AAgainst the background of the fish kill in the Oder, Foreign Minister Annalena Baerbock (Greens) has called for increased efforts to ensure that rivers are in good ecological condition. “We will have to rethink how we deal with our rivers,” said the Brandenburg member of the Bundestag on Thursday during a visit to Reitwein near Frankfurt an der Oder. The scale of the disaster is staggering.
The cause of the fish die-off, which has not yet been clarified, has led to considerable medium-term damage to the entire ecosystem, Baerbock said. The disaster was most likely caused by the combination of low water levels, high temperatures and discharges of sewage.
Climate change is forcing people and ecosystems to make adjustments, said Baerbock. The resilience of rivers must be strengthened. “For me, this is not just a German, but a European question. We have a shared responsibility for the river,” said the Greens politician. Water knows no borders. It is therefore crucial that Germany and Poland “not without, or even against, each other”, but jointly discuss the clarification of the environmental catastrophe and questions about the further use of the Oder.
Healthy fish species proven
Meanwhile, scientists have identified 19 healthy fish species in the Oder. According to the Institute for Inland Fisheries in Potsdam-Sacrow, the samples come from a stretch of river south of Frankfurt (Oder). The scientist Daniel Hühn told the German Press Agency that the 1,800 fish caught included everything from young fish to perennial fish.
Brandenburg’s Environment Minister Axel Vogel (Greens) said on Wednesday: “The acute crisis is over.” There have been “no dead fish recorded for a few days”. Even small water crabs that were released for control would no longer die.
According to data from the Brandenburg State Office for the Environment, the oxygen content and the pH value in the Oder are back to normal levels. Researchers had identified the so-called golden algae (Prymnesium parvum) in the river, which was able to grow, among other things, from the salt introduced and the toxin caused masses of fish to die. Scientists had detected both the alga and the toxin it produced in the river.
Algae bloom already at the beginning of August
According to the new findings of the scientists, an alga was already spreading near Wroclaw in Poland at the beginning of August. Evaluations of satellite data showed a sudden increase in chlorophyll concentrations in the entire course of the river from August 3rd to 4th, as the Leibniz Institute for Freshwater Ecology and Inland Fisheries announced on Thursday. These are considered indicators of algal blooms. These values were also increased from July 19th to 20th.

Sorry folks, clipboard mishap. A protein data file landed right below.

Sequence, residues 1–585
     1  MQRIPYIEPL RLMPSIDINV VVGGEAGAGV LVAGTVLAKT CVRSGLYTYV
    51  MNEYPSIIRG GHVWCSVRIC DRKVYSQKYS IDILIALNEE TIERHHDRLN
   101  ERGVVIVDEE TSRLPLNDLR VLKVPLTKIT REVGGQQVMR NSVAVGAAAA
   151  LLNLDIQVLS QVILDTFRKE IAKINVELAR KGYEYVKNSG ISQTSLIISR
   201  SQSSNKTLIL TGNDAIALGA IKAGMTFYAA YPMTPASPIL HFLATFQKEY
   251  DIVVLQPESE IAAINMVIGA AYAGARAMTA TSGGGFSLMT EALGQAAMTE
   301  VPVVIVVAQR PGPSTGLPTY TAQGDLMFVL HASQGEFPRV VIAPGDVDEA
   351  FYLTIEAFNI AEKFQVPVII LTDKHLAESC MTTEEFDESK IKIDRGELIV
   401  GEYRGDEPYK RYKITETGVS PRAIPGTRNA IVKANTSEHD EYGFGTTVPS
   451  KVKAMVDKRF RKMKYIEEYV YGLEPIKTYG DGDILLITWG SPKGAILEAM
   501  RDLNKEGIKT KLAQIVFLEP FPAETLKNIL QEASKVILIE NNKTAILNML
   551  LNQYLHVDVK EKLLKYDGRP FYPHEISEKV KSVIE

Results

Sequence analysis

Whether it is the so-called golden alga (Prymnesium parvum), which was detected by the scientists with data after August 6, cannot be said, said the aquatic ecologist at the institute, Christian Wolter, of the German Press Agency. “The satellite images do not differentiate between species. It could also have been other algae. You would need water samples from the area in question to be able to prove that.”
According to the researchers, it is not yet possible to conclusively assess whether the algal blooms in July and August are directly related. What is clearly recognizable, however, is the very rapid spread of the bloom that followed and which from August 10th covered almost the entire Oder.
According to the federal government, it is unclear when fishing will be possible again. Brandenburg is currently examining whether affected fishing companies can be compensated. As long as it has not been clarified what led to the death of fish in the Oder, no permission can be granted for fishing in the river, emphasized Brandenburg’s Consumer Protection Minister Ursula Nonnemacher (Greens). Further scientific studies would have to be awaited for this.